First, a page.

Visible Mending, Sashiko, and Wabi Sabi
By now I think my love affair with visible mending and Sashiko is public knowledge. I have confessed my love several times and will do it here once again: I love this stitch for visible mending. I can't get enough of it truly. The more I research Sashiko, Boro, and visible mending the more I fall deeply and madly and also head over heels. In love.
I can't ignore the influence of Natalie Chanin's careful stitch work, her beginnings using secondhand t-shirts, and the amazing advocacy work she continues for the slow fashion movement. I also see the quilting movement and more particularly the Quilts of Gees Bend exhibition all influencing my interest in visible mending and using patches, stitches, and an imperfect aesthetic to promote the life of our beloved blue jeans. Also, I must add the Japanese concept of wabi sabi to this mix. (That's a link to a lovely, succinct article about wabi sabi if you're new to the term.)
I think that's my visible mending lineage: Sashiko, Boro, Natalie Chanin, the Quilts of Gees Bend, and wabi sabi. Add this to my background in environmental studies, poetry, book arts, and textiles and you somehow arrive to where I'm at today with visible mending and slow fashion. Oh, the journey of our creations and interests and how they twist and morph until they arrive exactly where we are at this exact moment in time. The journey.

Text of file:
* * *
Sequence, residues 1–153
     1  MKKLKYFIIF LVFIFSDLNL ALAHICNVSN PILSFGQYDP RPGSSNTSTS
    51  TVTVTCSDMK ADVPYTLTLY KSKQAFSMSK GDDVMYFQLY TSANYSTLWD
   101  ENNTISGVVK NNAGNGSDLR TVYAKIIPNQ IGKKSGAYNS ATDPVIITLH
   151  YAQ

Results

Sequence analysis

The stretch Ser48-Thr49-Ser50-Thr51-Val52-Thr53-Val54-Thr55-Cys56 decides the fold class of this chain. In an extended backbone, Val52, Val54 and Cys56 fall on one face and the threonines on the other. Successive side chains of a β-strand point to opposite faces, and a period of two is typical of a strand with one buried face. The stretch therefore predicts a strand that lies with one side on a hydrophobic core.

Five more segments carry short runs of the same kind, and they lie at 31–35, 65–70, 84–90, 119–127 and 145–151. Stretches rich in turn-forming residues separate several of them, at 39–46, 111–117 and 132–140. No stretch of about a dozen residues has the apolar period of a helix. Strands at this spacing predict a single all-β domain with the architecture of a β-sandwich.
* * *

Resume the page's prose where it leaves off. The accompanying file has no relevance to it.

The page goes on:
I just finished this visible mending project on my husband's work pants. There was a small tear in the right knee and I wanted to fix the hole before it became a gash. In abstaining from new clothing for one year for the Make Thrift Mend project, one of the things we noticed quickly was that our favorite pants grew holes in the knees almost predictably. And much too quickly for our liking. So my mending pile is not at any risk of being depleted: the tears in our knees are keeping me busy. It's another reason to consider raw denim, I suppose.
So as his third pair of pants was added to my mending pile I decided to tackle this tiny hole first. I darned it with matching thread and then used the Sashiko stitch to reinforce a denim patch from behind. (I'll talk more about the details and options for visible mending techniques in my upcoming class Slow Fashion Style.)
He went to work wearing these mended pants this morning so I think that's a good sign. I am definitely learning that it makes more sense to invest in higher quality clothing upfront so that the garment will wear longer, we'll care for it more attentively, and when it comes time for mending it is definitely worth the investment of time and handwork. I'm also learning when it might be best to use a visible patch and when it might be better to use subtle stitches. It's all part of the journey.
Mostly, I love the idea of tending to our clothing as it ages, protecting it against damage, and following its natural aging process as an opportunity for expression and preservation. Let the stitches be the wrinkles, the patches be the age marks, and the darned holes be the persistent smile lines we all deserve. If our characters are defined as we age, perhaps our wardrobes can be too.